Schiff Fires Shots at CNBC
CNBC took Peter Schiff to task in an article posted an on the network’s web site last week, but Schiff decided not to lay low. What ensued is pure awesomeness from this gold bug.
Drafted as a critical journalistic feature, CNBC tore down Peter Schiff by cherry-picking one gold prediction at a time. Starting with Schiff’s “gold $5,000” prediction, CNBC highlighted two other predictions by Peter Schiff about gold that were “among the least prescient ever made on CNBC.” (Source: “The Peter Meter: Assessing Schiff’s predictions,” CNBC web site, December 20, 2015.)
Peter Schiff responded with a befitting rebuttal. Schiff cites the last two stock market crashes, saying the CNBC analysts who made a bullish call on the stock market, before the dot-com bubble of 1999 burst and the Great Recession of 2008 set in, have been more wrong than CNBC’s “Peter Meter.” (Source: “Ep. 126: CNBC Calls Me Out on Gold,” Peter Schiff’s YouTube channel, December 21, 2015.)
“Gold isn’t even down 40%. Now, think about this, twice in the last 15 years, the U.S. stock market lost more than half of its value. That means it was down more than gold.
“If you bought gold at $1,700, you didn’t lose everything, I mean, you’re still in the game. Yeah, maybe you’re down close to 40%, but you still have your gold. But if you bought one of those dot-com stocks that went to zero, you don’t have anything. You got wiped out. What about all the people that bought financials before the 2008 financial crisis that went to zero?”
Schiff says that he has been making bullish calls on gold when gold was still trading under $400, but CNBC refuses to give him credit for that. Instead, CNBC cherry-picked an unfavorable timeframe for comparison of gold prices to discredit him.
CNBC also criticized Peter Schiff for his wrong prediction on the rate hike and dollar collapse. This is what he had to say in response:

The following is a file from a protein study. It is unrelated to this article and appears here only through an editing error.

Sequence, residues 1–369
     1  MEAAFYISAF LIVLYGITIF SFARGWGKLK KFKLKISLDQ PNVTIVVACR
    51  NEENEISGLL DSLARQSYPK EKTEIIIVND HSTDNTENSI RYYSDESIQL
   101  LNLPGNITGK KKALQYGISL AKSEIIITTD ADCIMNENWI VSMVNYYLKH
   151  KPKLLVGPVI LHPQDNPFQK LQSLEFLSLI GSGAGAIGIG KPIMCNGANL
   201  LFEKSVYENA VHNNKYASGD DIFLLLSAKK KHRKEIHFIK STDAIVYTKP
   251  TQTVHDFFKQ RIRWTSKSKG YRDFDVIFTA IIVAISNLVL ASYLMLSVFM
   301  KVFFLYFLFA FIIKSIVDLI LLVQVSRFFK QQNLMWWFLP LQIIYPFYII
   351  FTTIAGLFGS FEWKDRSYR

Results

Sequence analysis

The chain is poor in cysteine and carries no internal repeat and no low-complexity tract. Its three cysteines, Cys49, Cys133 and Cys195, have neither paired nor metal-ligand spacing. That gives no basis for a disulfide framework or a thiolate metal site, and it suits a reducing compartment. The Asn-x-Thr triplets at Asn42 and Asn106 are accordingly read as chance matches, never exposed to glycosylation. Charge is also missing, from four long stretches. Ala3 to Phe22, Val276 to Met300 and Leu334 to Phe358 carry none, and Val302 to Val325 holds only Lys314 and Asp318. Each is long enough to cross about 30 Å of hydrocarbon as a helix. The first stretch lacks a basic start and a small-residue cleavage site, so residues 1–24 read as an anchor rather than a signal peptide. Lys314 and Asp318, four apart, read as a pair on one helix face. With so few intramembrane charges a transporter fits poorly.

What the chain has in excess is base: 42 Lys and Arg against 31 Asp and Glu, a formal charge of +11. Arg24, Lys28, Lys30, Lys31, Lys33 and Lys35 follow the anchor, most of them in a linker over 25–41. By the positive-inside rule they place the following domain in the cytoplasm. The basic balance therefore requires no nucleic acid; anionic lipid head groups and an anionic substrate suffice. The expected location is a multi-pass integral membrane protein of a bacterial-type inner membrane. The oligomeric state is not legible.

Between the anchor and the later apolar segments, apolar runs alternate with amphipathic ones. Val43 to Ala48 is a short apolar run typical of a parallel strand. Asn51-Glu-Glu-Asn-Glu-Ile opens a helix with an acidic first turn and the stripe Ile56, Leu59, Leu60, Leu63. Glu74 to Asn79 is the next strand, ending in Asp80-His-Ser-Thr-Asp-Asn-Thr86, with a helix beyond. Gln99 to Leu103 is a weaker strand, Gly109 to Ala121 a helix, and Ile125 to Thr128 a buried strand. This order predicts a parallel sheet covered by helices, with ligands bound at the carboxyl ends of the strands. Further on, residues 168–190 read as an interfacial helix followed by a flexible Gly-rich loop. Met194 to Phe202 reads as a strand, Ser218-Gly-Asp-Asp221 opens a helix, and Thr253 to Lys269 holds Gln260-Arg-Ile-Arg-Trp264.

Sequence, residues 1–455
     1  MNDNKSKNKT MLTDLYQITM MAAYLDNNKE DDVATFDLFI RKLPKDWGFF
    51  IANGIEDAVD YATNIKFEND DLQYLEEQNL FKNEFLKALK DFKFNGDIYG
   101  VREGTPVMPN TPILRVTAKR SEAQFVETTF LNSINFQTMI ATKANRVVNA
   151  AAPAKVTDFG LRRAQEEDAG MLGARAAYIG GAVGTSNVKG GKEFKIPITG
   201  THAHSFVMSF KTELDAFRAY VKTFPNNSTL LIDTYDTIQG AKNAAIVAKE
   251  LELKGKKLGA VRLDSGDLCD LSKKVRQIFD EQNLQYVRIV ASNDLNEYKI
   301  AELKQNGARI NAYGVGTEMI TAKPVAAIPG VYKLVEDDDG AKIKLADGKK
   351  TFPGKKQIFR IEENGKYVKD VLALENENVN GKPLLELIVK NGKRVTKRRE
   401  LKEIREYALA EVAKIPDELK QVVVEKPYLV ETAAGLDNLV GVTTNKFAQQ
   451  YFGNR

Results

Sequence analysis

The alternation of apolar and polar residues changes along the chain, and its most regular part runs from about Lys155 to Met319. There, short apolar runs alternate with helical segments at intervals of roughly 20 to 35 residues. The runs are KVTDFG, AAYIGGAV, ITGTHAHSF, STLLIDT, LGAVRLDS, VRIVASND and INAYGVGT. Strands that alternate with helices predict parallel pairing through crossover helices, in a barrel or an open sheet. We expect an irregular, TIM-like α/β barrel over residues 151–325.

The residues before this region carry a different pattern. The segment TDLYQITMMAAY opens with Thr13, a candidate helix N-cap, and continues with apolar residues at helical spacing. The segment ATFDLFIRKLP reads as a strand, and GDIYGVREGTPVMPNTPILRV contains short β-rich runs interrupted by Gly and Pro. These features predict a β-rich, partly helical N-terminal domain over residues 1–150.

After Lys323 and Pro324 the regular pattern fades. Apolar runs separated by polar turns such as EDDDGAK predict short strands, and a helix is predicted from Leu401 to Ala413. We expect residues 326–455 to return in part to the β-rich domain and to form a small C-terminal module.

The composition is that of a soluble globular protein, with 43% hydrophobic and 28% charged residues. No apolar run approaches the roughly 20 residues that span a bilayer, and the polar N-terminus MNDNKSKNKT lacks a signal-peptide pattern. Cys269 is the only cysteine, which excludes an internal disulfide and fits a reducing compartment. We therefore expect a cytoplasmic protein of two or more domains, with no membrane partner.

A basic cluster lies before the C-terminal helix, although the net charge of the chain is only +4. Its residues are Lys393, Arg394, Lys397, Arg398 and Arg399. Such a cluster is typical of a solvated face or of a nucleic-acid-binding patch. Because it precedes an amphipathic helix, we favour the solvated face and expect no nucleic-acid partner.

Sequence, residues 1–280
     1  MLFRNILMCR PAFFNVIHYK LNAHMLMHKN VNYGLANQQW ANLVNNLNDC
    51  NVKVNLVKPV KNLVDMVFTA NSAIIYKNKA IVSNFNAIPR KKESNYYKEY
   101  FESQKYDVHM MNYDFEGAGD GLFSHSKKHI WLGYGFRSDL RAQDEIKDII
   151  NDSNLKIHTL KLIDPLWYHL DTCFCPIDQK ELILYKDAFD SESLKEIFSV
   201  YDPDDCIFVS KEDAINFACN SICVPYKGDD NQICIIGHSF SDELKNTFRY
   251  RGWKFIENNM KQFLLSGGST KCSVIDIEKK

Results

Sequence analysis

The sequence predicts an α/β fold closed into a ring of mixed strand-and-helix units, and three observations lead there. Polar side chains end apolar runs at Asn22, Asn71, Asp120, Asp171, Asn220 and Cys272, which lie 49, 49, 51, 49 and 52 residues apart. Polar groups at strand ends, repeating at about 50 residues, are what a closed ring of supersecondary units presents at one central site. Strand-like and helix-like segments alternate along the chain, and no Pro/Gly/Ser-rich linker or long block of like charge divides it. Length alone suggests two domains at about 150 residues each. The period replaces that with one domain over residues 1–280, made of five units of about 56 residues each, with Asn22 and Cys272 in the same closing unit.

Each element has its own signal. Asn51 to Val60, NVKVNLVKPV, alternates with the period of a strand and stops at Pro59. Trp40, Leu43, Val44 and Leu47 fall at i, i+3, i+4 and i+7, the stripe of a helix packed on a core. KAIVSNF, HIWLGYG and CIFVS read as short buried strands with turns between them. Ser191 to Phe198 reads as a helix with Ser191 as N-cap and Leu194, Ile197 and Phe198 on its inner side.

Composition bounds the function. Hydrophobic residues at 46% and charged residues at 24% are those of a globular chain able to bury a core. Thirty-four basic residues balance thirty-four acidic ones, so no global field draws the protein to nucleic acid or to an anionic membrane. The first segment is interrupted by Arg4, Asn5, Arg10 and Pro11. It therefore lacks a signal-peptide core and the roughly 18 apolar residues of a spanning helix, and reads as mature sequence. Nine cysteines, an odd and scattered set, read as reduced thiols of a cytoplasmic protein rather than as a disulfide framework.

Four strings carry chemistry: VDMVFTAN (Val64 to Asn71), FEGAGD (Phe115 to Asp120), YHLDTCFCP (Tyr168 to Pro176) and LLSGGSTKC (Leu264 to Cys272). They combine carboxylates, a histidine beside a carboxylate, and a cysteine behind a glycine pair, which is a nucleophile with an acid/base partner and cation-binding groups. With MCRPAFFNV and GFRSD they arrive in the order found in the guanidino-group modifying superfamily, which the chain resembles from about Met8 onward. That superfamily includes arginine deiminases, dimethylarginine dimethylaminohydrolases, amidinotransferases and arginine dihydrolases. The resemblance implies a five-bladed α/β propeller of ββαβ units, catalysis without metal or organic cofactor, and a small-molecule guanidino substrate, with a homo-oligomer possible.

“[…] I said the Fed wouldn’t raise rates and they did. Well, what about all the people that expected them to raise rates in March or June or September? They were all wrong. I was right!
“[…] I never said from the beginning that it was impossible that the Fed would raise rates. I said that they could, that they might make that mistake, but that I didn’t think that they would because I thought it’d be too foolish to have to raise rates and then lower [them] back down. But I knew that it was possible that they could be that dumb. And they were that dumb.
“[…] This is all part of the pretense. This is the Fed just trying to pretend that they have confidence in the economy, so they can pretend that they are actually going to be raising rates four more times next year when they really didn’t even want to raise rates once this year.
“[…] It’s just going to blow up in their faces. And we are going to blow up the dollar, we’re going to blow up the bond market.”
Lastly, the CNBC Peter Meter article mentioned Schiff’s take on quantitative easing (QE). Schiff had maintained that QE wouldn’t help revive the economy. In response to his prediction on quantitative easing, Schiff said the following:
“[…] They are saying that the economy did revive and it did create jobs. Well, that’s not true. The economy hasn’t been revived. It’s lousy. There are a lot of other people that would agree. They are saying it’s the worst recovery ever. Most of their guests were looking for a strong recovery, including all the Fed officials. I was right to say that the QE wouldn’t work, because it hasn’t worked. Why do you think they did it three times?
“[…] It didn’t create jobs. Yes, the unemployment rate has come down, but not because QE worked, not because QE created jobs. It’s because millions of people left the labor force. That’s why the unemployment rate came down, or because millions more have accepted part-time jobs.”
Listen to the complete commentary here.